Court Blocks Govt. Access to Off-Shore Email Storage - Broadcasting & Cable

Court Blocks Govt. Access to Off-Shore Email Storage

Says government warrants don't extend beyond borders
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In a 3-0 decision that should give those concerned about the protection of online privacy some comfort, the U.S. Court of Appeals for the Second Circuit has ruled that courts are not authorized to issue warrants on U.S. service providers for the seizure of emails stored on foreign servers.

The decision also comes the same week the U.S. and EU have launched a privacy shield agreement for protecting the privacy of cross-border data flows.

The court decision reverses a lower court finding against Microsoft.

Microsoft had appealed a decision by a New York U.S. district court not to quash such a warrant issued by the government under the Stored Communications Act for content stored on a server in Ireland. Microsoft had refused to comply with the warrant.

The government said the warrant entitled it to the material no matter where it was stored. The court disagreed: "Neither explicitly nor implicitly does the statute envision the application of its warrant provisions overseas....We therefore decide that District Court lacked authority to enforce the Warrant against Microsoft."

Microsoft did provide non-content information residing on its domestic servers.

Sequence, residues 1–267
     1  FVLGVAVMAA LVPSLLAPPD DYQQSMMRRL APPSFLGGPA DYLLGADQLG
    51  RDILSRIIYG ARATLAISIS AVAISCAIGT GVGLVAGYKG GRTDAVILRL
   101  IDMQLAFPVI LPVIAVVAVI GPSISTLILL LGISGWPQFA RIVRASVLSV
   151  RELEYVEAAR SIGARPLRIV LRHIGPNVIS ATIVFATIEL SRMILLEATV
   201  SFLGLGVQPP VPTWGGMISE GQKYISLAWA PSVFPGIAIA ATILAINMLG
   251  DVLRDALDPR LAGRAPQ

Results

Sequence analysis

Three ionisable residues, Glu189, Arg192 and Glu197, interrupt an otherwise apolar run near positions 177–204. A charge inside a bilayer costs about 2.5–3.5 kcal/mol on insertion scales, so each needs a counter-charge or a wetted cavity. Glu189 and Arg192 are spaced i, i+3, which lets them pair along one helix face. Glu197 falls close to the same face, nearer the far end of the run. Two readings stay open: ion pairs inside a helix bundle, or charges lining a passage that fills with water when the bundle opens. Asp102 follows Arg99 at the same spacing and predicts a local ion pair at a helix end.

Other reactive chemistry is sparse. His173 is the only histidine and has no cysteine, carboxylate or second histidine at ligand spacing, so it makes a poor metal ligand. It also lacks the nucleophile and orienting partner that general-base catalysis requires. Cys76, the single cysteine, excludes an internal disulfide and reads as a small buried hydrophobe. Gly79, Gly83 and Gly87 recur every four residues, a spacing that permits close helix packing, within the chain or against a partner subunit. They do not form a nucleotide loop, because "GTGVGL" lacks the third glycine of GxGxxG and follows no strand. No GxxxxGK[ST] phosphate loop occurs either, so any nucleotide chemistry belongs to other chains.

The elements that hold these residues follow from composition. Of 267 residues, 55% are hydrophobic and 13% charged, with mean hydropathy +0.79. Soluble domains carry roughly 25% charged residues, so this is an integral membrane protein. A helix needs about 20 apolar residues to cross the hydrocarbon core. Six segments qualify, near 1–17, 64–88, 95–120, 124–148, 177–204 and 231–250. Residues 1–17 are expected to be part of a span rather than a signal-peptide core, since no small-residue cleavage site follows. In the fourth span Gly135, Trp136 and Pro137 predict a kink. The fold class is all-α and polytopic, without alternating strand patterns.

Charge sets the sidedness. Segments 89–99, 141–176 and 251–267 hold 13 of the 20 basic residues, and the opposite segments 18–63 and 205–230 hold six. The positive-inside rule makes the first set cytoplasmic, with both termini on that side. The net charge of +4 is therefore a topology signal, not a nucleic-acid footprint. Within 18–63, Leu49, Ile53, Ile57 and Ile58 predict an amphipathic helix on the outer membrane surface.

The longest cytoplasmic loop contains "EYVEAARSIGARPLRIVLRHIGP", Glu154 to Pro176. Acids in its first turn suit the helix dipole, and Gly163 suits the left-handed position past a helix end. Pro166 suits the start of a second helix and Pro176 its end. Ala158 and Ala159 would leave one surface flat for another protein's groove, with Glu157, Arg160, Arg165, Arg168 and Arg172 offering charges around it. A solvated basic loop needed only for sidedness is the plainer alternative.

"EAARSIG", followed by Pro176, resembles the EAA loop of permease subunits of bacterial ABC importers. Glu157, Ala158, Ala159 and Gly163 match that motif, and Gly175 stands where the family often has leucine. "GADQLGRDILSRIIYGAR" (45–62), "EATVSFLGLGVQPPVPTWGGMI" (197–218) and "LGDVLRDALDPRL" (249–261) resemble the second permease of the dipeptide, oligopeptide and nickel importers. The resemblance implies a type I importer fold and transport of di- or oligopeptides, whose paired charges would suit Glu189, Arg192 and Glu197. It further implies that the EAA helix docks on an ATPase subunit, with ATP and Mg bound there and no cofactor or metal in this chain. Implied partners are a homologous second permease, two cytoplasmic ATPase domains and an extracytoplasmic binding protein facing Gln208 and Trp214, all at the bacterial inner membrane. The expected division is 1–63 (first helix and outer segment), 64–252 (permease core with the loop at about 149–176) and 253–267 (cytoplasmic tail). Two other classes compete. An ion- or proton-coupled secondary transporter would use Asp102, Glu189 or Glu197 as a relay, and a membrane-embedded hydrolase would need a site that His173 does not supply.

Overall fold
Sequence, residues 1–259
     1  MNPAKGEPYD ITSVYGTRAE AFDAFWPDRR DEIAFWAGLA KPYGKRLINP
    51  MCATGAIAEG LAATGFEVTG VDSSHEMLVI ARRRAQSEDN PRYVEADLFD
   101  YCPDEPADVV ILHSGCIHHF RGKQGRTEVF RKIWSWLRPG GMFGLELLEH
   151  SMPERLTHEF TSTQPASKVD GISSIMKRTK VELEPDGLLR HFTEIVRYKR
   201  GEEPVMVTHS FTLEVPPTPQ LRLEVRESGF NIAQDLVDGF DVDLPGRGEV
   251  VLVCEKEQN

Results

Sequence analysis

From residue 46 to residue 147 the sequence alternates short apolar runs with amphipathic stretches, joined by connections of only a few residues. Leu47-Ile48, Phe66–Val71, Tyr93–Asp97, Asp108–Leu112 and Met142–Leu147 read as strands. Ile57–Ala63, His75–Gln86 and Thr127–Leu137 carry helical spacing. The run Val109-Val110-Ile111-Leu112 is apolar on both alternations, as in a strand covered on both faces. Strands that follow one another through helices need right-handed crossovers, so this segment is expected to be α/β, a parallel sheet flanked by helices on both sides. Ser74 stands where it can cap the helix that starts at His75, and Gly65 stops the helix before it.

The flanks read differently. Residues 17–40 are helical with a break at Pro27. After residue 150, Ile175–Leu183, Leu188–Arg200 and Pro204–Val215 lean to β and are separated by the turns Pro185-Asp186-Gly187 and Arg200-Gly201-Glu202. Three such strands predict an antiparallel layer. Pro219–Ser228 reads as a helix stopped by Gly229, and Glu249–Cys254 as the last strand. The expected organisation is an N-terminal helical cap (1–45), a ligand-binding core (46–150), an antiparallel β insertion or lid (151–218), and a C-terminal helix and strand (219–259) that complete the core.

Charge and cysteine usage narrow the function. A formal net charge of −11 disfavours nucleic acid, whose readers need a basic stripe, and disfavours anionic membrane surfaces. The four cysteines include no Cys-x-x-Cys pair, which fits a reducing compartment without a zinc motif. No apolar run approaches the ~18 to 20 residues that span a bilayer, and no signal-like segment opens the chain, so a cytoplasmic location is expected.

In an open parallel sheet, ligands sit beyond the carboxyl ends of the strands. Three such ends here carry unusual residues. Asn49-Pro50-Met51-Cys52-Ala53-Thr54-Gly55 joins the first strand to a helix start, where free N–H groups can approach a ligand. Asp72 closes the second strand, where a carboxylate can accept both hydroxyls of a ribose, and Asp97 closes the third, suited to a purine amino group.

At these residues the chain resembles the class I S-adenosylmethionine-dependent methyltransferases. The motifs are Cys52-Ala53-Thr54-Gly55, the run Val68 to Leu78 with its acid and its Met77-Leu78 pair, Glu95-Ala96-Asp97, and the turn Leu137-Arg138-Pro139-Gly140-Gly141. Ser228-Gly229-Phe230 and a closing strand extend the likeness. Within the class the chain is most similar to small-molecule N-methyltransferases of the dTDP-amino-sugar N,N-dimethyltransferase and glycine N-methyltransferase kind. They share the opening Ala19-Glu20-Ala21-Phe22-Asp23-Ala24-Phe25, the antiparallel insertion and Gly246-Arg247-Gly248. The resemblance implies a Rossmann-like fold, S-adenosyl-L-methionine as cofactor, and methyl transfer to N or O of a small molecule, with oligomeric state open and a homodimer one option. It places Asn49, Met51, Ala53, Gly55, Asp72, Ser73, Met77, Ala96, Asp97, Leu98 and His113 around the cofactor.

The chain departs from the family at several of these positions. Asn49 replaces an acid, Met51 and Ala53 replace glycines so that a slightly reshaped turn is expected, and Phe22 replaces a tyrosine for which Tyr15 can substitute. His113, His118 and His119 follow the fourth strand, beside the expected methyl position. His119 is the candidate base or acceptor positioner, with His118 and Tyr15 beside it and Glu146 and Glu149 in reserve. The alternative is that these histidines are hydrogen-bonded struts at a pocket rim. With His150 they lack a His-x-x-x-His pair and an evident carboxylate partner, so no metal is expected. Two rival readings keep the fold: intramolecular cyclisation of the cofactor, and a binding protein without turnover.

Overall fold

"We are pleased to see that the Court has recognized that the Stored Communications Act does not allow the government to compel a service provider, such as Microsoft, to produce the private data of its customers when that information is located abroad," said Daniel Castro, VP of the Information Technology & Innovation Foundation. "As we argued almost two years ago, 'the question here isn't whether the U.S. government can gain lawful access to this data, but rather the process it should use to do so. Instead of using a search warrant, the U.S. government agency in question could have sought access to this account information using a Mutual Legal Assistance Treaty [MLAT]. MLATs are agreements designed for law enforcement agencies to receive and provide assistance to their counterparts in other countries. The U.S. has MLATs with more than 50 countries, including Ireland.'"

“This ruling is a major affirmation that the rights we enjoy in the physical world continue to apply in the digital world. By declaring that a US warrant cannot reach communications content stored abroad, the court ruled strongly in favor of privacy and national rule of law,” said Greg Nojeim, director of the Freedom, Security and Technology Project at the Center for Democracy and Technology.

“As Congress considers reforming the Electronic Communications Privacy Act and Stored Communications Act, this ruling demonstrates the importance of clear statutory language that anticipates and facilitates cloud privacy and security," said Computer & Communications Industry Association presdient Ed Black. “The decision in Microsoft v. United States makes evident that the government’s position does not reflect the statutory status quo or Constitutional bounds, but also suggests that the status quo does not adequately reflect the function of modern online platforms.

“We encourage Congress to support legislation like the International Communications Privacy Act, which reaffirms a nationwide warrant-for-content standard, offers a nationality-based solution to cross-border law enforcement requests, and provides needed reforms to the MLAT process.”

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